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Top 10 Java stories of July: 5 alternatives to JavaScript, OpenJDK Mobile is back & more

JAXenter Editorial Team
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Happy August everyone! Wow it’s been hot in Europe – over 40°C where we are! Don’t worry, we’ve got some awesome news to cool you down. Last month, we featured some amazing articles and we had a look at the most interesting news that went live. Let’s have a look!

1. 5 alternatives to JavaScript for front-end development

Our most popular article in July was far and away Matthew Davis’ look at five alternative options for those who don’t want to use JavaScript. It’s a hard language to avoid, but in his guest post he talks us through 5 different approaches to get around it.

We won’t spoil anything here, you’ll have to read it for yourself.

2. The OpenJDK Mobile project is back!

Right at the start of July, we got a pleasant surprise when Java Champion Johan Vos started a mailing list to reboot the OpenJDK mobile discussion. We found some time to sit down with him and ask him some questions. His answers make for a compelling read.

Check it out here.

3. OpenShift 4 interview: “Operators are a very powerful construct”

We’ve felt very chatty this month, so we also caught up with Martin Klaus, Senior Director Red Hat Cloud Platforms to talk about OpenShift 4, the latest version of the enterprise Kubernetes platform, and how it differs from other solutions. We also got to talk to him about other OpenShift projects.

Read the full interview with Martin Klaus here.

4. Jakarta EE 8 gets a release date

Another piece of news that got us very excited, or would have if it weren’t too hot to express emotion, was the fact that Jakarta EE 8 got a release date. There was also an update on some other topics like the namespace change from javax to jakarta.

Read the full update here.

5. How you could learn Java on your own and where to start

Learning Java on your own doesn’t have to be difficult; there are plenty of resources for independent study and practice. No matter your age or experience level, you will find plenty of websites that will give you hands-on experience and teach you how to program in Java.  John Selawsky talked us through how to take those first steps towards becoming a programmer.

Learn about learning Java here.

6. The trendy five: Blazing hot GitHub repos in June 2019

Every month we look at the GitHub trending page for any cool repos that stand out from the crowd. You might even be so bleeding edge that you’ve caught the July edition of the trendy five already, but the June post proved a popular read. Highlights include a new open source programming language that takes inspiration from Go, a robotics platform built in Python, and a repo full of Kubernetes failure stories that will have you laughing and learning.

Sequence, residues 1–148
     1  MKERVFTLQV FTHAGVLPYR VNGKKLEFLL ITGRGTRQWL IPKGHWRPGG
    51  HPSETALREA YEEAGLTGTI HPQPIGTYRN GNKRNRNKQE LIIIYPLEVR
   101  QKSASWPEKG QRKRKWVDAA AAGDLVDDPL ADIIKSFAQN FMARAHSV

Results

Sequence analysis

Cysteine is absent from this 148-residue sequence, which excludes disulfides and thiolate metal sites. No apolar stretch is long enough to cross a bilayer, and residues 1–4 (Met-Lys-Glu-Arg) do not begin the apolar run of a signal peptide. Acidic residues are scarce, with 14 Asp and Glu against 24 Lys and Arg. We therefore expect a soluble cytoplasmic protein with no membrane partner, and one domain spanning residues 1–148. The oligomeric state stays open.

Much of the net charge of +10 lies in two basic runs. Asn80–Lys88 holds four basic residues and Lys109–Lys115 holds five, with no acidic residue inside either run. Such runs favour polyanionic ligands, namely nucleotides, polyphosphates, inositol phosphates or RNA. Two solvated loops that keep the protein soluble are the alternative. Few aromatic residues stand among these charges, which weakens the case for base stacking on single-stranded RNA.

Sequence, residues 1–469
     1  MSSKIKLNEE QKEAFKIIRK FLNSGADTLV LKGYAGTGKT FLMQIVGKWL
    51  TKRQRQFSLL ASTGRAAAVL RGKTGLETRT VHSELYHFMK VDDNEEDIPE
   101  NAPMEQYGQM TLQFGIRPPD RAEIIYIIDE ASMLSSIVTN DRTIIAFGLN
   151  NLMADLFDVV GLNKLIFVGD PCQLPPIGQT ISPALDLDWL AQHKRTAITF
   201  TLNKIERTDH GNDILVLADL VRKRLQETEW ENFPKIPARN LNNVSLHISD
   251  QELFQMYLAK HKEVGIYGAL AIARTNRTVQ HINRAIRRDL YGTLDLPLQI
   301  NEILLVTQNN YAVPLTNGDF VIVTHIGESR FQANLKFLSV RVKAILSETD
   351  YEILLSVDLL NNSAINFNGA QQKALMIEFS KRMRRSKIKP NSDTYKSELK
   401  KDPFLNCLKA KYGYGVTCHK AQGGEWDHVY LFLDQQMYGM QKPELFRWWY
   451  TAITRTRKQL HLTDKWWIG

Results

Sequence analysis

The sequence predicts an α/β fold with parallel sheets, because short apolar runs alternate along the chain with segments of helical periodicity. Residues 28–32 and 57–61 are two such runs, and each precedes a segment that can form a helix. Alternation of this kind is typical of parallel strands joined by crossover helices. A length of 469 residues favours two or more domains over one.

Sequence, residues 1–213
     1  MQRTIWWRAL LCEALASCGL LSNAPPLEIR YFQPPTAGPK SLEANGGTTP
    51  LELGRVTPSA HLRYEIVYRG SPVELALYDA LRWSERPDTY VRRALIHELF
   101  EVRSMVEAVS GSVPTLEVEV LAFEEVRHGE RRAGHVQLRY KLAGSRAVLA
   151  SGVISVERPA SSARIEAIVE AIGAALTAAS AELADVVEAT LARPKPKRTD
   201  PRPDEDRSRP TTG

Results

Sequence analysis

Read the full article here.

7. Java goes Git: Proposal to migrate OpenJDK

Project Skara’s goal in July last year was to look into the viable SCM alternatives to Mercurial. It looks like Git is to be OpenJDK’s new home, at least following JEP 357’s proposal.

Check out the proposal here.

8. Project Lanai approved – macOS graphics rendering pipeline gets green light

Early on in July, Project Lanai was put forward. Oracle and JetBrains engineers proposed to collaborate on a macOS-based graphics rendering pipeline to replace the current one, which is based on the now-deprecated OpenGL. Later on in the month, the voting ended and the proposal was officially approved.

Say aloha to Project Lanai.

9. Small embeddable JavaScript engine with QuickJS

Programming legend Fabrice Bellard released a new project: the QuickJS JavaScript Engine landed with its first public release. This small, embeddable JS engine consists of just a few simple C files. The benchmarks compared to other JS engines such as JerryScript show that he’s not kidding with that name. It’s quick.

Check out the benchmarks here.

10. GraalVM version 19.1 speeds up compilation & lowers execution time

And finally, talking of speed, GraalVM recently matured and has been suggested for production-usage. On July 2nd, the latest version, GraalVM19.1 arrived. This version fixes some bugs in the previous release and also lowers the compilation time. Along with this release comes news of future versioning plans for GraalVM. Look out for v20 in 2020!

Check out all the update information here.

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